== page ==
June 12, 1996 in Nation/World

Paratrooper Guilty Of Attacking Own Unit Sergeant Claimed He Was The Victim Of Pranks, Name-Calling

Associated Press
 

An Army paratrooper who claimed his fellow soldiers called him crazy and pulled pranks on him was convicted of premeditated murder Tuesday for killing an officer in a sniper attack on his own unit during morning calisthenics.

The court-martial jury that convicted Sgt. William Kreutzer then began hearing evidence on whether to sentence him to death.

Also at the sentencing hearing, one of the 18 soldiers wounded in the attack Oct. 27 testified from a wheelchair because he was paralyzed from the waist down by a bullet fired by Kreutzer, 27, of Clinton, Md.

“There’s nothing that I can do on my own anymore,” said Chief Warrant Officer Abraham Castillo, a former helicopter pilot. “Somebody has to be with me at all times. … I can barely hold an eating utensil.”

The jury deliberated for slightly less than two hours before finding Kreutzer guilty of premeditated murder in the death of Maj. Stephen Badger. Kreutzer was also convicted on attempted murder charges for each of the 18 fellow members of the 82nd Airborne Division who were wounded as 1,300 members of the elite unit set out on a four-mile run.

Kreutzer’s lawyers contended he was under stress and suffering from a personality disorder.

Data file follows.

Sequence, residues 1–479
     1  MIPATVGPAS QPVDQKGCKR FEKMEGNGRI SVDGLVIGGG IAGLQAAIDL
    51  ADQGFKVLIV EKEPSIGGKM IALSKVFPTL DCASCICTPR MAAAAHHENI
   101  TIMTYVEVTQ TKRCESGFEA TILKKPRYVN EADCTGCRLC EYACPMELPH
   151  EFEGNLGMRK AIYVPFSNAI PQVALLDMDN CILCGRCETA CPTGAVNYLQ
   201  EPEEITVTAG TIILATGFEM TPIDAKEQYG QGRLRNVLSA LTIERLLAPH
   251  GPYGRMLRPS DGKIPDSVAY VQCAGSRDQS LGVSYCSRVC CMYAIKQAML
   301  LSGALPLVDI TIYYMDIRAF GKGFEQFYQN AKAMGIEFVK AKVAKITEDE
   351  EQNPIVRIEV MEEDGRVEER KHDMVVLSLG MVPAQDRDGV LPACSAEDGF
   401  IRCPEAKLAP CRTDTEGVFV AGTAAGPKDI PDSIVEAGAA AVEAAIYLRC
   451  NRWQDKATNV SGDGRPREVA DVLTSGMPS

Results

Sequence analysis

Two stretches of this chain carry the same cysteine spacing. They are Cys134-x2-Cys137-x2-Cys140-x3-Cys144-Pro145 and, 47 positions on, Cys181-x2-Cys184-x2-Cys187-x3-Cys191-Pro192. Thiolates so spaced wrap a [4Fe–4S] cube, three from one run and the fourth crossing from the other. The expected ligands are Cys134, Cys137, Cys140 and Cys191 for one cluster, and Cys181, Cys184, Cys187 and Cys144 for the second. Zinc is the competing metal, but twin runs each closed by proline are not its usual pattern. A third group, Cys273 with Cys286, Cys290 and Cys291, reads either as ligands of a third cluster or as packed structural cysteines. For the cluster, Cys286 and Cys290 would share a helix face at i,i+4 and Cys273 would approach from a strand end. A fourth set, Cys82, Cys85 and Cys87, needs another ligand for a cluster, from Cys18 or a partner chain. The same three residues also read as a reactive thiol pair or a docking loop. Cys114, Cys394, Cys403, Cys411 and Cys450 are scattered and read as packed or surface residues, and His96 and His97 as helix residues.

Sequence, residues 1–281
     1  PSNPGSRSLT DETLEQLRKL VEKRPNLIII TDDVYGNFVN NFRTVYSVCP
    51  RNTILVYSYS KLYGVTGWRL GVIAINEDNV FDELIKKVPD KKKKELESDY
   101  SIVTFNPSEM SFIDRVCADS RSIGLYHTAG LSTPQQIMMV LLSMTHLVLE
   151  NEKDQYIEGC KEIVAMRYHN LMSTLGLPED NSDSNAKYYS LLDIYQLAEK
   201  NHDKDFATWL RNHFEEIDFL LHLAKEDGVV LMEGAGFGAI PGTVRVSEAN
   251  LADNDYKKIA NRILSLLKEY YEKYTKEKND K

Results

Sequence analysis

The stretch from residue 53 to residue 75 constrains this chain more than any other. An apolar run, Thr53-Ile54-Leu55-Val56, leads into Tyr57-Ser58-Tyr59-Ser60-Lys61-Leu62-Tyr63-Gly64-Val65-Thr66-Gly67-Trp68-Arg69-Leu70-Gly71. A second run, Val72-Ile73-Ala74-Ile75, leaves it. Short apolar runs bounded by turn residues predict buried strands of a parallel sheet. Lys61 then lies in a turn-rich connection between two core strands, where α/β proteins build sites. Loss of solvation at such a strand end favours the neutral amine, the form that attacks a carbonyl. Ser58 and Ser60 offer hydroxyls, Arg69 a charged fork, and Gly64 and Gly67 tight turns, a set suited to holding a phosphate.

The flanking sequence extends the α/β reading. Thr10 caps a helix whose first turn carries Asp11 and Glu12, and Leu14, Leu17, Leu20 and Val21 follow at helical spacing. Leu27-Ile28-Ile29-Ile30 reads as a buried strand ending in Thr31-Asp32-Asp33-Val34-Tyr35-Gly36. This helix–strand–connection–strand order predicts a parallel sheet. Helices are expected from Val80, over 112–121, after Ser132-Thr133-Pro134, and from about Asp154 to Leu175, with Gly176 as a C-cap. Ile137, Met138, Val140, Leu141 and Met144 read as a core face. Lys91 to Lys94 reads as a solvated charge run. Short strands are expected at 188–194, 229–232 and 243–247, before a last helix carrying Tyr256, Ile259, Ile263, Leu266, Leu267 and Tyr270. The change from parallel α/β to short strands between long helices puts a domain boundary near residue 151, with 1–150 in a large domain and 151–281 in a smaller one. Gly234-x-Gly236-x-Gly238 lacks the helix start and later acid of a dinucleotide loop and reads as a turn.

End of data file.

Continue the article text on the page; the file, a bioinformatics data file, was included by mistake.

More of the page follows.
Prosecutors argued that Kreutzer planned the attack because he was angry at members of his squad.

Kreutzer talked often about shooting people, said William Knight, a former sergeant who served with Kreutzer in the 82nd Airborne in the Sinai Peninsula in 1994 and at Fort Bragg until last year.

During the Sinai assignment, Kreutzer talked about wanting to kill members of his squad because they put sand in his boots, and rigged cords to trip him on his way to the latrine during the night, Knight said.

Kreutzer, who loved guns and had no social life, also was called names like “Crazy Kreutzer” and “Silence of the Lambs,” said defense attorney Capt. Stephen Stokes.

© Copyright 1996 Associated Press. All rights reserved. This material may not be published, broadcast, rewritten, or redistributed.


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